Teacherbot: interventions in automated teaching

Promises of ‘teacher-light’ tuition and of enhanced ‘efficiency’ via automation of teaching have been with us since the early days of digital education, sometimes embraced by academics and institutions, and sometimes resisted as a cost-cutting measure which is damaging to teacher professionalism and to the humanistic values of education itself. In this project we re-visited the notion of teacher ‘automation’ from a critical perspective which looks freshly and openly at the idea of the pedagogic ‘automaton’.

The project developed a Twitterbot to help explore new ways of valuing teacher presence which are not resistant to the generative potential of automation. This view sees technological development not as taking place in order to solve a problem, or to address a deficit in teacher ability or productivity, but rather explores how human and non-human teachers might work together in a teaching ‘assemblage’. 

We drew on our experience of teaching at massive scale in the Edinburgh Coursera Massive Open Online Course (MOOC) ‘E-learning and digital cultures’, one of the first wave of Edinburgh MOOCs which has now run twice, with total enrolments of 70,000 across three course runs. The project attempted to research and theorise some creative and critical futures for a MOOC pedagogy in which the ‘teacher function’ might become less a question of living teacher presence and more a posthuman mash-up of video, algorithm and automated process.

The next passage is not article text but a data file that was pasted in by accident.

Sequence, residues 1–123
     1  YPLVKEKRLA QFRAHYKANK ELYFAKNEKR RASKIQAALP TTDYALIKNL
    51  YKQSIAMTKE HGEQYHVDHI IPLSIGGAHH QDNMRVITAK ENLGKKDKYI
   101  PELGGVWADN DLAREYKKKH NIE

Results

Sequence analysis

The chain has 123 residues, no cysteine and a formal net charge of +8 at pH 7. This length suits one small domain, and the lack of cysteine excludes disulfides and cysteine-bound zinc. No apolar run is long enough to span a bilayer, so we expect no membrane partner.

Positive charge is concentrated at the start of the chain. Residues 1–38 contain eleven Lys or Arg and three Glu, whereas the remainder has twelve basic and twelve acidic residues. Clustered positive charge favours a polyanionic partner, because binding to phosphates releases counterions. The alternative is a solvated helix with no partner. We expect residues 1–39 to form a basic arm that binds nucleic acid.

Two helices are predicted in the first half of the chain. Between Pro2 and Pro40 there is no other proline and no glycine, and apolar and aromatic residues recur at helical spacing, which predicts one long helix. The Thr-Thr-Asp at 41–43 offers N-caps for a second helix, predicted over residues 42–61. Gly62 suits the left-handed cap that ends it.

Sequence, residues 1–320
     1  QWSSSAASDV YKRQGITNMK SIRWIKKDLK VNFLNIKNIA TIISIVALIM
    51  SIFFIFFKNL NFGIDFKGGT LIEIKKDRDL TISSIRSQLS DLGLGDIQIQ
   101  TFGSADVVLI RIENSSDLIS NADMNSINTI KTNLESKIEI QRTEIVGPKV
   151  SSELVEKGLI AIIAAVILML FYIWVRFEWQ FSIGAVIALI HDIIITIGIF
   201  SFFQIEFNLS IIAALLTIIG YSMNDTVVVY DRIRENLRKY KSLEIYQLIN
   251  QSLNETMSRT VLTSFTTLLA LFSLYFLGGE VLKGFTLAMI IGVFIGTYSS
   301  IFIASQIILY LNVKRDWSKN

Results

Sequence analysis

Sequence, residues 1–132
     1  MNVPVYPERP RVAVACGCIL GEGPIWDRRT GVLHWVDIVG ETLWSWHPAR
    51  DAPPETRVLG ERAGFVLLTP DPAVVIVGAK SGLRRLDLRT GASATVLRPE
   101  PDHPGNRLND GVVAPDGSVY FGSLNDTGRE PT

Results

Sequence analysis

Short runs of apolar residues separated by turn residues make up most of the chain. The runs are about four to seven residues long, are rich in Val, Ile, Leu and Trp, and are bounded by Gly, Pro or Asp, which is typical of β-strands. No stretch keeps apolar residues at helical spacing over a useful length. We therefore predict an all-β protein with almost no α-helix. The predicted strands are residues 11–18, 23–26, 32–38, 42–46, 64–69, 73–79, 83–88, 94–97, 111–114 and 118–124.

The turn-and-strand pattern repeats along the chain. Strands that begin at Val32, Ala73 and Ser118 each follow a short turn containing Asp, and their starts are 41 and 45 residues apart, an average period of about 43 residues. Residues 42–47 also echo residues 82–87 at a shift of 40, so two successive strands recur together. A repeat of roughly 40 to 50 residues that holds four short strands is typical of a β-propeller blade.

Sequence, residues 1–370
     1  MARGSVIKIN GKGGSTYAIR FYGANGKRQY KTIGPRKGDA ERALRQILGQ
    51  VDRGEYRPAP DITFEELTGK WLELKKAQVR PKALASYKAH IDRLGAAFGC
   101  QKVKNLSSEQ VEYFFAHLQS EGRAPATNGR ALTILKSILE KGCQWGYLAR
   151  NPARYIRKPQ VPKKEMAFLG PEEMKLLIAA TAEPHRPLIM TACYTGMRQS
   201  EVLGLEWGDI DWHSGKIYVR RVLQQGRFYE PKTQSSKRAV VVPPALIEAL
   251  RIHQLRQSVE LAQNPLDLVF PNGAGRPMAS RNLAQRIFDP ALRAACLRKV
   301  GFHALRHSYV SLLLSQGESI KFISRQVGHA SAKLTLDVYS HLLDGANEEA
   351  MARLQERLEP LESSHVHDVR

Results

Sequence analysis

Key contact: Sian Bayne

Read a news article about the project and an academic article about it in Teaching in Higher Education

Research areas
Digital Cultures
Research team

Sian Bayne | Jeremy Knox | Hadi Mehrpouya | Hamish Macleod | Jen Ross | Christine Sinclair | Chris Speed | John Lee | Jeff Haywood

Funding

College of Humanities and Social Science 'Challenge Investment Fund' award, The University of Edinburgh

Dates
-

Related news

Vox pops on robots

31 Jul 2018
Voxpops image

Children's thoughts on teaching automation

Will robots take over teaching at schools?  What aspects of teaching will they be good or bad at?  This video is based on a series of vox pops that invited children to tell us about their thoughts on robots in general, what it would be like to have a robot teacher, and what might a robot be like in twenty years from now.

'I think they're quite intelligent' 

'Weird'

'Might be a bit better at teaching becuase they know more answers to things'